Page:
Vasilios “Bill” Kalogredis served as moderator of a panel that discussed practice consolidation at the Dermatological Society of New Jersey’s annual conference in Monroe, N.J.
Kalogredis also presented “A Pro-Physician Health Care Attorney’s Perspective on Dermatology Practice Transactions” at the conference.
A shareholder and chairman of Lamb McErlane’s Health Law Department, Kalogredis has been practicing health law for more than 40 years, exclusively representing physicians, dentists, group practices, and other healthcare professionals and healthcare-related entities.
Immaculata is continuing its commitment to make college affordable by offering its most popular associate degree programs at reduced tuition rate of $250 per credit. Students can earn an associate degree in the university’s new program in education, or in business administration, communication, or information systems. Business administration and information systems are available completely online.
All of these career-relevant, adult-focused associate degree programs offer a student-to-faculty ratio of 9 to 1, ensuring personalized attention that is the hallmark of an Immaculata education. Also, the required coursework for each of these programs can be directly applied to the university’s bachelor degree programs to provide a seamless transition for those interested in continuing their education.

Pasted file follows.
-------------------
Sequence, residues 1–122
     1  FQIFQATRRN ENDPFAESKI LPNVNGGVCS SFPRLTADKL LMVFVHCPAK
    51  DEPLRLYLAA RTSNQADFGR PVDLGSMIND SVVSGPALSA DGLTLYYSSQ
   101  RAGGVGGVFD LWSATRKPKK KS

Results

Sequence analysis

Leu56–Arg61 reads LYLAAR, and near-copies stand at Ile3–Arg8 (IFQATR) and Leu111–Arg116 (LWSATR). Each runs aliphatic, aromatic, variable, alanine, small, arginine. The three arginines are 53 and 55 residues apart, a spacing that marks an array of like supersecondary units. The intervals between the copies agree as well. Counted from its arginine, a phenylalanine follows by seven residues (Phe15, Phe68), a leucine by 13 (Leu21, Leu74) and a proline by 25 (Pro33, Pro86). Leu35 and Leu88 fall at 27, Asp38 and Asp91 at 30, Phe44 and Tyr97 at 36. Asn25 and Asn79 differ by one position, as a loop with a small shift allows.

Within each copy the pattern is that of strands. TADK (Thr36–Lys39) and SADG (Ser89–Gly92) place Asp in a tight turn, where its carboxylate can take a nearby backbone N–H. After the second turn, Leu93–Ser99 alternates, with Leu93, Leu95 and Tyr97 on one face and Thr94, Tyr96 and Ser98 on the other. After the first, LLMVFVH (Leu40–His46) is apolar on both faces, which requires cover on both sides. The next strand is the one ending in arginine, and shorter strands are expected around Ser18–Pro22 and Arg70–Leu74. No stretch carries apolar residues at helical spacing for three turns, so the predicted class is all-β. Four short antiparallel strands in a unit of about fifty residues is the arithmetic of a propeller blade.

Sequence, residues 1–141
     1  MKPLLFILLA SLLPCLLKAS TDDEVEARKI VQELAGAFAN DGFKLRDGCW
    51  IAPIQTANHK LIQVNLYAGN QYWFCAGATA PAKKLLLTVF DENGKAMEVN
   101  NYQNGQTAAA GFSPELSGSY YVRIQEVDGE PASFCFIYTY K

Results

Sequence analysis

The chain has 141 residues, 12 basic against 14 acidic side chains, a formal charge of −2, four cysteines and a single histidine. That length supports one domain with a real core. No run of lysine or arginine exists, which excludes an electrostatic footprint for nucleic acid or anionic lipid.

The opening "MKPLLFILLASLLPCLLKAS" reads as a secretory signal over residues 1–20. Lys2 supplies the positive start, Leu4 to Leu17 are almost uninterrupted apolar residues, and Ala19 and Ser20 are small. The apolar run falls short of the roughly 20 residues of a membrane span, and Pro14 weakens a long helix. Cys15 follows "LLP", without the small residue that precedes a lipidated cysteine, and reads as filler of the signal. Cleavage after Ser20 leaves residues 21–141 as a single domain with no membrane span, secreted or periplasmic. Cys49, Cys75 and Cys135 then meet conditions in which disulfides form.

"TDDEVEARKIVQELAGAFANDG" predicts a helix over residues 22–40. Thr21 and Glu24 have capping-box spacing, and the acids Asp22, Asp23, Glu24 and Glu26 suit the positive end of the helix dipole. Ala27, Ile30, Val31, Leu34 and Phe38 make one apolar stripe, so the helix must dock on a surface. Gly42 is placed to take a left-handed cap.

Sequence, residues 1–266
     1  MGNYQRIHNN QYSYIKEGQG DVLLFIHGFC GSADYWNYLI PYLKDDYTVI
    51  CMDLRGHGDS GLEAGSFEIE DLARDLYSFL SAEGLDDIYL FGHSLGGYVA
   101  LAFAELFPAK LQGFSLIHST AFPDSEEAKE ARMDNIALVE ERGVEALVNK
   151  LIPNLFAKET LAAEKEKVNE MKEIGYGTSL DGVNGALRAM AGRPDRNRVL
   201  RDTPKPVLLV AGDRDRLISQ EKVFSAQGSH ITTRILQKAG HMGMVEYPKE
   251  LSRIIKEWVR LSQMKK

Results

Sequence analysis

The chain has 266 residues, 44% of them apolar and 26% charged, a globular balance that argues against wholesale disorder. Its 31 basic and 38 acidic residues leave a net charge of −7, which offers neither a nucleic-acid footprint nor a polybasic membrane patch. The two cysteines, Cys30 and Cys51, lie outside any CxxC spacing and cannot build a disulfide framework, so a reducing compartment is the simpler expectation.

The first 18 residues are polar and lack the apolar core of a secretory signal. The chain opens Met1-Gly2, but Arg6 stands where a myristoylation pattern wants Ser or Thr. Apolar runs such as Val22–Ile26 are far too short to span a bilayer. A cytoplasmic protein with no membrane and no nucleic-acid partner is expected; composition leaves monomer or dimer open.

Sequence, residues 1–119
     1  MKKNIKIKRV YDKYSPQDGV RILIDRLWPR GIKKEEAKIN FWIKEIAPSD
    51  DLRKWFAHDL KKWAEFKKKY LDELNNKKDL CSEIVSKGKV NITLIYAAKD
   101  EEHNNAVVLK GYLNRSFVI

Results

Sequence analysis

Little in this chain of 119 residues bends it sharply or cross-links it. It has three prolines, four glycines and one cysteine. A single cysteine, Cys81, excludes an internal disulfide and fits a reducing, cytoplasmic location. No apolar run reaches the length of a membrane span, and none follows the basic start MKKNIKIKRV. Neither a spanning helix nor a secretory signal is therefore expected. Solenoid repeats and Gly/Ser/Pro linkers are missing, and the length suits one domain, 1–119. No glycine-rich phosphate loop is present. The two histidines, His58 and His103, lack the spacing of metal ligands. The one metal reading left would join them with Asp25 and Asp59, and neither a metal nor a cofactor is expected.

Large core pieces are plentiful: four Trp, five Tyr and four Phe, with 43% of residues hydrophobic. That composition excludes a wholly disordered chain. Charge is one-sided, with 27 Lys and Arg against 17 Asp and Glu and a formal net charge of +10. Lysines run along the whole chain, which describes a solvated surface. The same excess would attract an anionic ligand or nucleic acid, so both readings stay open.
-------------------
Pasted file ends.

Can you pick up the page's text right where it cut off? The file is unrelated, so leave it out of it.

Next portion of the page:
“We are very proud to provide this discount, which allows for a private school experience at a community college price,” said Kate Kearney, dean of the College of Adult Professional Studies. “Immaculata is dedicated to making college affordable for everyone, and this is just another example of that dedication.”
Students who are interested in associate degrees or other adult undergraduate offerings should click here or e-mail firstname.lastname@example.org.
The bookstore in the Eagleview Town Center was recently named one of 62 of the World’s Best Independent Bookstores, according to readers of Atlas Obscura.
To mark April 28 as Independent Bookstore Day, Atlas Obscura asked its readers to share their favorite local booksellers. “From small towns to big cities, hundreds of readers wrote in to explain exactly why they love their favorite independent bookstore, in words and in photos,” the website wrote.
“It (the Wellington Square Bookshop) feels like an old-fashioned hideaway with a rolling ladder and delightful children’s section,” wrote Jenn Wagner. “I love the variety of new and gently used books. It’s a neighborhood treasure!”